April 1970

Chlorpromazine Plasma Levels and Effects

Author Affiliations

Bethesda, Md; Washington, DC; Bethesda, Md
From the Laboratory of Chemical Pharmacology, National Heart Institute (Dr. Curry) and the Laboratory of Clinical Science, NIMH (Drs. Davis and Janowsky), Bethesda, Md, and the William A. White Building, St. Elizabeth's Hospital, Washington, DC (Dr. Marshall). Dr. Curry is now with the Department of Pharmacology, London Hospital Medical College, London.

Arch Gen Psychiatry. 1970;22(4):289-296. doi:10.1001/archpsyc.1970.01740280001001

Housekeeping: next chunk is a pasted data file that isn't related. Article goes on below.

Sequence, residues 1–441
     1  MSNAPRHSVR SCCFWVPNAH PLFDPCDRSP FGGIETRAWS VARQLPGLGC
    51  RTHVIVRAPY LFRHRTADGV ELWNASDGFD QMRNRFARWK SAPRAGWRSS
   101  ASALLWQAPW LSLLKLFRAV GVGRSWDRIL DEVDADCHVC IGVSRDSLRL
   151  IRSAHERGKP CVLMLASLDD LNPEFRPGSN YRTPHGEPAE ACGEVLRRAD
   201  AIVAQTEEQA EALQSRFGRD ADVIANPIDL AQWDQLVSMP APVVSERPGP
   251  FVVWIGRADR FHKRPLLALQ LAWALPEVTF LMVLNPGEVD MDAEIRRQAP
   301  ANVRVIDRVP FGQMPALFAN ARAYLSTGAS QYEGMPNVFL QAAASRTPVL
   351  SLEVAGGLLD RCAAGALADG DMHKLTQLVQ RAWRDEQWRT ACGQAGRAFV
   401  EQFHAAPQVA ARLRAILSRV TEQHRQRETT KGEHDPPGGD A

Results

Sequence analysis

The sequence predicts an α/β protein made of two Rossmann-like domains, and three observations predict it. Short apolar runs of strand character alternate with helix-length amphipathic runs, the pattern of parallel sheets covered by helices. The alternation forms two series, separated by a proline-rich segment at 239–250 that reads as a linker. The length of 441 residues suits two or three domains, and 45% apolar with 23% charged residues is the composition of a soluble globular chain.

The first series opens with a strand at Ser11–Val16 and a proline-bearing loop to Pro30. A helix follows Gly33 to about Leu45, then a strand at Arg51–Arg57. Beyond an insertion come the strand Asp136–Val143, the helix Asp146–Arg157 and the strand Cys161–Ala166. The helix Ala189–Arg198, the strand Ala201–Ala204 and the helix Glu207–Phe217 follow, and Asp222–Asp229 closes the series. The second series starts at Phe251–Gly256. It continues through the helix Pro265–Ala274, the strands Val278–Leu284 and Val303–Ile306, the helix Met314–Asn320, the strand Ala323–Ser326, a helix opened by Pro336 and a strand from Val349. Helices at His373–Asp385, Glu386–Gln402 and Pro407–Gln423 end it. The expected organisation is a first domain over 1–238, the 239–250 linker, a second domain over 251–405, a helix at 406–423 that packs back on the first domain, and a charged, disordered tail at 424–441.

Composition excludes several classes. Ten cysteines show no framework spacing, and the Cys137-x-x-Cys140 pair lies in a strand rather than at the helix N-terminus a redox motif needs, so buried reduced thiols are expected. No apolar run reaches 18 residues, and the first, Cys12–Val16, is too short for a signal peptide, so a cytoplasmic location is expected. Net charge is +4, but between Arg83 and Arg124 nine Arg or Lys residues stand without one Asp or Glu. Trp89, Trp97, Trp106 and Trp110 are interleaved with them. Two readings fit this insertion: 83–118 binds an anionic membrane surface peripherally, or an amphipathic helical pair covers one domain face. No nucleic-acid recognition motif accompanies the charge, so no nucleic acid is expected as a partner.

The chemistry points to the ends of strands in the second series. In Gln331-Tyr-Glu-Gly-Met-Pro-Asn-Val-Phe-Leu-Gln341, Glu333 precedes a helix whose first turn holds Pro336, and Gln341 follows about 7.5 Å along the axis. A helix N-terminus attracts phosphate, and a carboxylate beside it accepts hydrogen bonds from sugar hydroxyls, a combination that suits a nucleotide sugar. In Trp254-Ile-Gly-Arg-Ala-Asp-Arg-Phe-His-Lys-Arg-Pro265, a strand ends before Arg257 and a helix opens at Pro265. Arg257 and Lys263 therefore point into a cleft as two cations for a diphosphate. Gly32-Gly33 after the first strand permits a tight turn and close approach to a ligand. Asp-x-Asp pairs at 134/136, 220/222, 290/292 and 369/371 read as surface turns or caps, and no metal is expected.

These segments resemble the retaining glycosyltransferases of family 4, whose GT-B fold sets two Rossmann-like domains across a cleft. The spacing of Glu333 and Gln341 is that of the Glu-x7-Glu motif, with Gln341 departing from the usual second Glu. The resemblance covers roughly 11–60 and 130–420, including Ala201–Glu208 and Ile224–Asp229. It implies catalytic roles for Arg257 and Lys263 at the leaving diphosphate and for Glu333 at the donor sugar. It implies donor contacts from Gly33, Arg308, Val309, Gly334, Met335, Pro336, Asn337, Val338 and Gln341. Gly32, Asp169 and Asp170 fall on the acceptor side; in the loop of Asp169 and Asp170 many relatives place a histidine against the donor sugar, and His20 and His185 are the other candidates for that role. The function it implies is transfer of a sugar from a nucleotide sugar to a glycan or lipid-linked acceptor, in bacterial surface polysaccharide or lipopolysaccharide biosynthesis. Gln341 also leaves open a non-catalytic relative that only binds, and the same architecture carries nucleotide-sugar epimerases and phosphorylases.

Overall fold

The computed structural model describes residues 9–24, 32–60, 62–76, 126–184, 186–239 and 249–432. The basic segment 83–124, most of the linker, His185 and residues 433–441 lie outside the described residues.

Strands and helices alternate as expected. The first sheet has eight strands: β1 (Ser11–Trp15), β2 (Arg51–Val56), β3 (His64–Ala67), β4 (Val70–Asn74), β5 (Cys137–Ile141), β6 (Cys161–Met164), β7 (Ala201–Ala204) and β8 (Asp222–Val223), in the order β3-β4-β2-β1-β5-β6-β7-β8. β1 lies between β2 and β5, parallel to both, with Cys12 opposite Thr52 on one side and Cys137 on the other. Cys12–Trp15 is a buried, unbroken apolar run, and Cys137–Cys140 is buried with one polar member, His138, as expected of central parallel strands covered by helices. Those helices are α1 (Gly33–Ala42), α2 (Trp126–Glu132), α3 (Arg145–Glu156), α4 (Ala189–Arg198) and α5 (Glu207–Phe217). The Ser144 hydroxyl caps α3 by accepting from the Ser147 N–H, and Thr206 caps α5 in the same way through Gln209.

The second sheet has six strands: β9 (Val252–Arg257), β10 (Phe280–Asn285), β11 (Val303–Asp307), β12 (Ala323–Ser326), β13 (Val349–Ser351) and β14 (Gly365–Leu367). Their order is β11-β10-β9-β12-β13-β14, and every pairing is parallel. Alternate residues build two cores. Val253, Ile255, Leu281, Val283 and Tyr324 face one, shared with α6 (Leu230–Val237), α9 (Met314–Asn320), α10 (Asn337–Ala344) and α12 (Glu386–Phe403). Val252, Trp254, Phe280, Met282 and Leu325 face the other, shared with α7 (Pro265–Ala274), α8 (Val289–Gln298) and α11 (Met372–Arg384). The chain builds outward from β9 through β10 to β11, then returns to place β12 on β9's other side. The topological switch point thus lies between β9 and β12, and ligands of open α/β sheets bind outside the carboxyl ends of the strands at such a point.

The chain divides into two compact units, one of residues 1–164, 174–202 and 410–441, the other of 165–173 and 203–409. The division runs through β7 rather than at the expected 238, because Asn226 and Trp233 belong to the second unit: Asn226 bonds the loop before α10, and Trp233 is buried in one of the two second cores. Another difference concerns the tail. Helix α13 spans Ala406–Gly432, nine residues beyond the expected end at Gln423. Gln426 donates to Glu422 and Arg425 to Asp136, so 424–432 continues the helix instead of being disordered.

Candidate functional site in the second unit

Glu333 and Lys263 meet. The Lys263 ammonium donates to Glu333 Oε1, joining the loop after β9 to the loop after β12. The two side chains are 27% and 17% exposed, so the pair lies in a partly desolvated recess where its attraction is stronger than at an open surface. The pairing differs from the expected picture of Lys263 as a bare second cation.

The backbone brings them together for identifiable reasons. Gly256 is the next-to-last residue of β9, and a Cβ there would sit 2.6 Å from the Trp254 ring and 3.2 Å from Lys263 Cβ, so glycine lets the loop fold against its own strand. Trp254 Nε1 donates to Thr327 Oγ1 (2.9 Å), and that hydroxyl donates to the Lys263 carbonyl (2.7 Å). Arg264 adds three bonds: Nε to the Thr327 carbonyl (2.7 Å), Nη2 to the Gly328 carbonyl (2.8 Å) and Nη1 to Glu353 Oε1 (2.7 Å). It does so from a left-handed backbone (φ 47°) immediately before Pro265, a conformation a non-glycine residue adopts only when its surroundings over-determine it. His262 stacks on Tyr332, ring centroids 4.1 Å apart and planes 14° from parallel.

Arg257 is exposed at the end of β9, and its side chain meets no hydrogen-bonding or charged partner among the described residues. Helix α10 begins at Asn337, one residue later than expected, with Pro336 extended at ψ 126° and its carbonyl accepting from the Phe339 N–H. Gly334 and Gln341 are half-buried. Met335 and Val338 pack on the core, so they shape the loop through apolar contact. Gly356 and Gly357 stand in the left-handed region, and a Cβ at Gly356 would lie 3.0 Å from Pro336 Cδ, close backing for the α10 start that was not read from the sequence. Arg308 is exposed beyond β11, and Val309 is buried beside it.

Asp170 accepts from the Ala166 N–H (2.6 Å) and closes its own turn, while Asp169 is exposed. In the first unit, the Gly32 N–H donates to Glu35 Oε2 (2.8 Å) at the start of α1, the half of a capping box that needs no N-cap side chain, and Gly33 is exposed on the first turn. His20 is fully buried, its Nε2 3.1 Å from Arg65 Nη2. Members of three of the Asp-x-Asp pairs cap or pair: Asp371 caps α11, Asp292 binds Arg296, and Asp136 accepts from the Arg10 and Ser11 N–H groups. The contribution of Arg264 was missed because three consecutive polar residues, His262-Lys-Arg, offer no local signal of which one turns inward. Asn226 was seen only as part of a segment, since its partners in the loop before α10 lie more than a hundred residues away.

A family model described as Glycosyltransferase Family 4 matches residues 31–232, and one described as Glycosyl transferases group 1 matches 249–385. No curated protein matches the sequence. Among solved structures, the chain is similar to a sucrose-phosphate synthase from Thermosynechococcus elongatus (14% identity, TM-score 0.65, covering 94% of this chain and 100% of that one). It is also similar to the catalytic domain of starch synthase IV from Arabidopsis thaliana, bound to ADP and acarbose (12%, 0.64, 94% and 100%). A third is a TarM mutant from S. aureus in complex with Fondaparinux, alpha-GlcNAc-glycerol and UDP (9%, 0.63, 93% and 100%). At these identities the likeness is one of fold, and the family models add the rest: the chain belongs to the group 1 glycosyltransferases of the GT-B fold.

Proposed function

THE metabolism and tissue distribution of chlorpromazine have been studied extensively,1,2 yet attempts to correlate clinical effects with variations in the fate and disposition of the drug have been unrewarding.3-7 In most studies of this type the drug and its metabolites have been assayed in urine by nonspecific methods. It is becoming increasingly apparent, however, that for many drugs responses are related more closely to plasma levels of the drug (or active metabolites) than to urinary excretion rates of the drugs and their inactive metabolites.8,9 Individual variation in response to drugs may be caused by variations in plasma levels, resulting from variations in rates of absorption and metabolism. Variations in plasmalevels are particularly marked in the case of highly lipid-soluble drugs, such as those used in psychopharmacology.10 If these variations could be controlled by dosage regimens10,11 that would

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